As the 2021 NFL calendar rolls on, we are inching closer to the 2021 NFL Draft. A mel Kiper mock draft is another step in the process.
Tuesday morning Kiper released his first mock draft of 2021, and he gave the Giants the receiving weapon they’ve lacked.
11. New York Giants
Kyle Pitts, TE, Florida
Quarterback Daniel Jones cut down on his turnovers and showed some improvement in Year 2, but he still averaged only 6.6 yards per attempt. Even when he gets time to throw in the pocket, he doesn’t have a consistent downfield threat (though Darius Slayton was a nice fifth-round find in 2019). At 6-foot-6, Pitts has the size/speed traits to line up out wide, in the slot or next to an offensive tackle. And he showed off his ability after the catch by averaging 17.9 yards per reception with 12 touchdowns. Pitts is not a traditional tight end, but he’s a skilled offensive threat. And with Evan Engram on the roster, too, the Giants would have two of the most athletic — and versatile — tight ends in football.
Raptor’s Thoughts: I’ve been on record as saying that Kyle Pitts is my primarily (realistic) target for the Giants. The Giants need a true “X” receiver who can play on the line of scrimmage every down, command attention, and be the passing game threat the Giants have lacked in recent years. He already has enough experience as a receiver to make the transition full time, and the ability to run routes that is rare for even bigger receivers, let alone tight ends.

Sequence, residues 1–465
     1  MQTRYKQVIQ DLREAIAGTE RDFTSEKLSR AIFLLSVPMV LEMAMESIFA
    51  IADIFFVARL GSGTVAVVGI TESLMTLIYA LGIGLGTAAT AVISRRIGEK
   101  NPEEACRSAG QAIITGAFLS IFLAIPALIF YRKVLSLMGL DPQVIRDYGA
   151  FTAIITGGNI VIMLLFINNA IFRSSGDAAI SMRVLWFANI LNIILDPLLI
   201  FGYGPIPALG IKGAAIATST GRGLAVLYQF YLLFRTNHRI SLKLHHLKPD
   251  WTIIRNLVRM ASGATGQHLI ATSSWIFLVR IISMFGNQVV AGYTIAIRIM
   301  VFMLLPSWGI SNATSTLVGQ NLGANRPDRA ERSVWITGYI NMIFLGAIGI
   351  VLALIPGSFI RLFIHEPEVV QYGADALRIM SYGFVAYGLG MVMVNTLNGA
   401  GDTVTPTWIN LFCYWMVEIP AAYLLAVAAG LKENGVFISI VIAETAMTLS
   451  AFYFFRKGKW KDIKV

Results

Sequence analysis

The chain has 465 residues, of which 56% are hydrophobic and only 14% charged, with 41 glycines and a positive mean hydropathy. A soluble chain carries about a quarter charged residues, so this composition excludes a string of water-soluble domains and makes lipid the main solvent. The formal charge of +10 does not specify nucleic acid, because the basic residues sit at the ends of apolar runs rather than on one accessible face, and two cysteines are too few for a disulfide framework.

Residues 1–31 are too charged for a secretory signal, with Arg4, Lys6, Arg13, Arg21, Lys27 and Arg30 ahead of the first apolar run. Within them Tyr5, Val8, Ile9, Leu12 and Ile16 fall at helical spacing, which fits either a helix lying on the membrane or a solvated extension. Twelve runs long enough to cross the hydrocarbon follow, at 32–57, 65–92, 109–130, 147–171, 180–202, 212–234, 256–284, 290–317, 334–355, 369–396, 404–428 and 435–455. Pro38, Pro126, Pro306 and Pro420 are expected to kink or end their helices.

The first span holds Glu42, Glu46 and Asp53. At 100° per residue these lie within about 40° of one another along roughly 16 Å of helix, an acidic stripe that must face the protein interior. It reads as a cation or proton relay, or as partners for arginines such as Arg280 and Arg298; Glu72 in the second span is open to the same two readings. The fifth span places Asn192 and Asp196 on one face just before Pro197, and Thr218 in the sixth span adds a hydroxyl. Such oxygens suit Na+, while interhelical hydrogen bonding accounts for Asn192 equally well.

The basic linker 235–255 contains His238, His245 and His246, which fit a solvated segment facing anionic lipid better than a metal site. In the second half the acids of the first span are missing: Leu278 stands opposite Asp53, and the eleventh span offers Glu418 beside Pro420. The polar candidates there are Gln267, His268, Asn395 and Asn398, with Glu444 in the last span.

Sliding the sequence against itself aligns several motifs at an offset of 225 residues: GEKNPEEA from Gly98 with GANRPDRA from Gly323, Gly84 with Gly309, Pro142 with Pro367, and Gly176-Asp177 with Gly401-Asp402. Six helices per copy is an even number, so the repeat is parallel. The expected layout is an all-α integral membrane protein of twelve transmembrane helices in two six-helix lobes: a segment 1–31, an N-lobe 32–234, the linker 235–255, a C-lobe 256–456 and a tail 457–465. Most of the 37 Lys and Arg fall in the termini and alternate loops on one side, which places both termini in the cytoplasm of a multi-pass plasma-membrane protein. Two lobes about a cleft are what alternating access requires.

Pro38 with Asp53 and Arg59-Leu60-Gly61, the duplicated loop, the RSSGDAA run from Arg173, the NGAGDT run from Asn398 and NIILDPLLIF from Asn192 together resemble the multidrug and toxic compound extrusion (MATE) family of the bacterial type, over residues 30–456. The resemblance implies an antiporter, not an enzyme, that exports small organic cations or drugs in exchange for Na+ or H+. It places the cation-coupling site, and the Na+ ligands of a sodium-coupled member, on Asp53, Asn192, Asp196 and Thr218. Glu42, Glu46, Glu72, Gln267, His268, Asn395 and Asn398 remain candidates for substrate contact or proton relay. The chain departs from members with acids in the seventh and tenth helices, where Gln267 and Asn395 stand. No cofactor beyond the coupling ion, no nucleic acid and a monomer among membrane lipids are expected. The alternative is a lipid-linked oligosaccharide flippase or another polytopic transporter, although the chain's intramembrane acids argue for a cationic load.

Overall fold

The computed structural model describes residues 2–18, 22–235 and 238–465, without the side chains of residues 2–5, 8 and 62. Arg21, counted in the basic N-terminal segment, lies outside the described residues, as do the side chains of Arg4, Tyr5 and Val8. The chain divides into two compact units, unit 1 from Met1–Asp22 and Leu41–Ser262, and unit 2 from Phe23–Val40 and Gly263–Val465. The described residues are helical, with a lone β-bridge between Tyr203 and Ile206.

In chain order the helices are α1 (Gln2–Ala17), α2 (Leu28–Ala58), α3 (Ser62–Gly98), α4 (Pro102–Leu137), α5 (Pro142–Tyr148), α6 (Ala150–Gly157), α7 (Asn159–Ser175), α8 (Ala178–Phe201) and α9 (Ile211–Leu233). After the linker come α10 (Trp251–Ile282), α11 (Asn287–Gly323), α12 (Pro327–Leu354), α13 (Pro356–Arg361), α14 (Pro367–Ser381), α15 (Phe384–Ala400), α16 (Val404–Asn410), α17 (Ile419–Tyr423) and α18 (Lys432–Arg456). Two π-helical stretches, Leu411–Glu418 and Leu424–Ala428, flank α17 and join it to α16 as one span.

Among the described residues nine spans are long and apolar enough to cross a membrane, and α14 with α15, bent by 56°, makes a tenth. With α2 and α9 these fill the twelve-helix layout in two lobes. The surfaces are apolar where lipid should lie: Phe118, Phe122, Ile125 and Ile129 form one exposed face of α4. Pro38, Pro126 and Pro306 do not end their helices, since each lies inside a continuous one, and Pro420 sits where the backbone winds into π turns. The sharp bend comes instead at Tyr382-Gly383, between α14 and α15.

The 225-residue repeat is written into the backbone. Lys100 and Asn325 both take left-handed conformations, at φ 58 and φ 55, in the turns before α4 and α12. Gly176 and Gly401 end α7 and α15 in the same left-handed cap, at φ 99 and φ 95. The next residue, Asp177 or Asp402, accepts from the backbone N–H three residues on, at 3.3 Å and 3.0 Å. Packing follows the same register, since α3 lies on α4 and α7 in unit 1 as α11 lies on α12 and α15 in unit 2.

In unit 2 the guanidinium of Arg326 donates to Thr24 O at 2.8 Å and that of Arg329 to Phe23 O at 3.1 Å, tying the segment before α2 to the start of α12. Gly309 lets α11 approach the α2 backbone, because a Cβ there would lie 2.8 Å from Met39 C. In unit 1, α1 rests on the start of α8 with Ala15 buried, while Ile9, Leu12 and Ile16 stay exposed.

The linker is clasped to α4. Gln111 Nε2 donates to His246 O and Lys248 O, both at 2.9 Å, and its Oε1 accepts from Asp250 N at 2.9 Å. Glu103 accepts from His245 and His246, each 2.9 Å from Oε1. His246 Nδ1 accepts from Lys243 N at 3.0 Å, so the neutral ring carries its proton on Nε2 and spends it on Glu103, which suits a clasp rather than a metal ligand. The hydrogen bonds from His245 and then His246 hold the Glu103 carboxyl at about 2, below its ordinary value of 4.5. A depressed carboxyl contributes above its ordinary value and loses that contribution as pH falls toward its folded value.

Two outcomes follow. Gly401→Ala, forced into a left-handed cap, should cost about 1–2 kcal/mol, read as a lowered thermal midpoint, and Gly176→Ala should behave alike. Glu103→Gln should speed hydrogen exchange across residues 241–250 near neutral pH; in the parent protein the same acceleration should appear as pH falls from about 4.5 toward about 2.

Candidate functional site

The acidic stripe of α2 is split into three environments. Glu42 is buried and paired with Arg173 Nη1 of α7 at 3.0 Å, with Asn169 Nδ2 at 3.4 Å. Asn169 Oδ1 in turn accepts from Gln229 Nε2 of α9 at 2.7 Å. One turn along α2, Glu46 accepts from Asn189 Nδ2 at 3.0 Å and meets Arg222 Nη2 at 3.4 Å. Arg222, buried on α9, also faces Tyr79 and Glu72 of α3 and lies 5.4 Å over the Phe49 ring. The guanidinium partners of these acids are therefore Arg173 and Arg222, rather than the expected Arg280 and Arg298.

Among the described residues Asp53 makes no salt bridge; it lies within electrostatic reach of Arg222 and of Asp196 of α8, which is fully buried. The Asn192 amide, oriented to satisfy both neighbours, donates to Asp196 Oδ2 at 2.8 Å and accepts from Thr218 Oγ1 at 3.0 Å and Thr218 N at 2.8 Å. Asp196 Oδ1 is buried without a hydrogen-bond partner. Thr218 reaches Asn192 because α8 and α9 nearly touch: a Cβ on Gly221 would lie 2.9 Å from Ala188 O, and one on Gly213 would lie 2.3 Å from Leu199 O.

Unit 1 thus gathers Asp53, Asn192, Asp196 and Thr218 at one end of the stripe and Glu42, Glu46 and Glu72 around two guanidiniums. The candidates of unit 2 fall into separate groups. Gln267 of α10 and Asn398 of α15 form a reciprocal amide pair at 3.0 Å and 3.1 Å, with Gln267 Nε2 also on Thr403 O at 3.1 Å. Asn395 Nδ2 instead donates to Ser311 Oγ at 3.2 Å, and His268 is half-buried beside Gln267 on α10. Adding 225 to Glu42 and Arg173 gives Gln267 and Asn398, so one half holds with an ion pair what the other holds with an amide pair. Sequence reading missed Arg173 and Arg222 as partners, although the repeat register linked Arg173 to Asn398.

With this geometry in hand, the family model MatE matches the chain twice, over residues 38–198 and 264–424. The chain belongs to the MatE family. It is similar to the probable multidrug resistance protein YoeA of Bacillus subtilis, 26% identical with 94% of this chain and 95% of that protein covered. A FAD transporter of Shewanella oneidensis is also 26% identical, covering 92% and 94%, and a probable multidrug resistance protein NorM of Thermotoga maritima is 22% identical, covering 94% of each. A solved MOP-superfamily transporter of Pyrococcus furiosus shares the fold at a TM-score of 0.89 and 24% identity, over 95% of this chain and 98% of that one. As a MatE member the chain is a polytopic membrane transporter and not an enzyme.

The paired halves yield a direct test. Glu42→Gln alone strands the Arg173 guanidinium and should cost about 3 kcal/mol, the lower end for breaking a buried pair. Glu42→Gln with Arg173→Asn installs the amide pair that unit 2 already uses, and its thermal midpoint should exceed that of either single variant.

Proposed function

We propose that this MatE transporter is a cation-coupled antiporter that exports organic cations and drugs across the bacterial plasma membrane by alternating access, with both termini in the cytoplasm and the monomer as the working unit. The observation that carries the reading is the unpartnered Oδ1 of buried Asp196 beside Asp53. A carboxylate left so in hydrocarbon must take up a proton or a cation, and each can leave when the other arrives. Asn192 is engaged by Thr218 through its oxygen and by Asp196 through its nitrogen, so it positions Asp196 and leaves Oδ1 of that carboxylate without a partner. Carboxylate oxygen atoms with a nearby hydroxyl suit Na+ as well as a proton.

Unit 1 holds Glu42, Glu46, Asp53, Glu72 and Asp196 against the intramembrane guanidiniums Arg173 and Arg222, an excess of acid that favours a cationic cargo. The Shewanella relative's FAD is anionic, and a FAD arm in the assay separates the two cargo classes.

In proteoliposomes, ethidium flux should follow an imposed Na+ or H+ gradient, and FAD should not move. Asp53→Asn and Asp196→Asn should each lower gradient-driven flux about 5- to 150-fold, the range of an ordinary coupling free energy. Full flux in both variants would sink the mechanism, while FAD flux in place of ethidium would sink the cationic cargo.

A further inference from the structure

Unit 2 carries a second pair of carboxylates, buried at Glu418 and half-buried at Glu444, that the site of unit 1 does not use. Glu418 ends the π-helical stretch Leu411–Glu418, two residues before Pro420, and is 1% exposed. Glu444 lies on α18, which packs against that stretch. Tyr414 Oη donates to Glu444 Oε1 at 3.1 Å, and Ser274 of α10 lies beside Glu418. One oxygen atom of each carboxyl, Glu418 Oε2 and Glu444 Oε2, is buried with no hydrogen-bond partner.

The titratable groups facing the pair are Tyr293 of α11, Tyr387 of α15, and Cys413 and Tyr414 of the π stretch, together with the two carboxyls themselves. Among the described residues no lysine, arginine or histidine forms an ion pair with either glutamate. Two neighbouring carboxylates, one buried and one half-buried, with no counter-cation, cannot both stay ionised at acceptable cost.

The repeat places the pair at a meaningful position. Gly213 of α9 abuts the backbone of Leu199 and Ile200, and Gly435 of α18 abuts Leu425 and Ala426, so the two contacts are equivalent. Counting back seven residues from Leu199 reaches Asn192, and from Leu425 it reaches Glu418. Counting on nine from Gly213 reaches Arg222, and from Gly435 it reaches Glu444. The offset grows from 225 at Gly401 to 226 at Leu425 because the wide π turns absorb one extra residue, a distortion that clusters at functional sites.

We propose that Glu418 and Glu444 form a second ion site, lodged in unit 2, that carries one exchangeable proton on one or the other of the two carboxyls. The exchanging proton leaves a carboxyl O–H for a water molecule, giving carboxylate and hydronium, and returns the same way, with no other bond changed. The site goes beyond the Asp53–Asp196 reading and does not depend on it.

But I say that with the provision that Pitts should be evaluated and graded as a receiver, not a tight end. I don’t say that because I don’t think he could play the tight end, but rather that he is such a problem as a receiver that if he is in-line blocking it’s a waste because he isn’t being used as a receiving threat. Pitts can be a nuisance as a blocking tight end (and a good blocker for a receiver on screens), but that he can be a receiver on the order of Plaxico Burress or Mike Evans.
The question of whether or not the Giants could, would, or should take Pitts at the top of the draft or if they would opt for Alabama receiver Jaylen Waddle. In fact, Nick Falato brought it up most recently on our podcast discussion of the receiver position. My answer is that if I am making the choice and designing the offense, I take Pitts without a second thought. HOWEVER, I have to question whether the Giants have the vision to build an offense around what Pitts can do and maximize his potential. The Giants are habitually traditional and conservative in their views on football, and in that case I would go for Waddle as he is a more natural fit for their football philosophies.
But back to Pitts, he has the potential to be the kind of offensive player for whom offenses just don’t have an answer. Pitts has the traits to be a player who defenses need to double team, as he is way too big and too athletic for any one defender to cover.